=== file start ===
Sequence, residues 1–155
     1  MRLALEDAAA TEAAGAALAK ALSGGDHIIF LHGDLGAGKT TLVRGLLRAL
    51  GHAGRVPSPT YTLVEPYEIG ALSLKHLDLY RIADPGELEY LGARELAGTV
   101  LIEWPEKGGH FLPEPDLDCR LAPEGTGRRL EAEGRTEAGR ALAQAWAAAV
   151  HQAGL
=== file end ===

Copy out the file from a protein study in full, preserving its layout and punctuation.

Sequence, residues 1–155
     1  MRLALEDAAA TEAAGAALAK ALSGGDHIIF LHGDLGAGKT TLVRGLLRAL
    51  GHAGRVPSPT YTLVEPYEIG ALSLKHLDLY RIADPGELEY LGARELAGTV
   101  LIEWPEKGGH FLPEPDLDCR LAPEGTGRRL EAEGRTEAGR ALAQAWAAAV
   151  HQAGL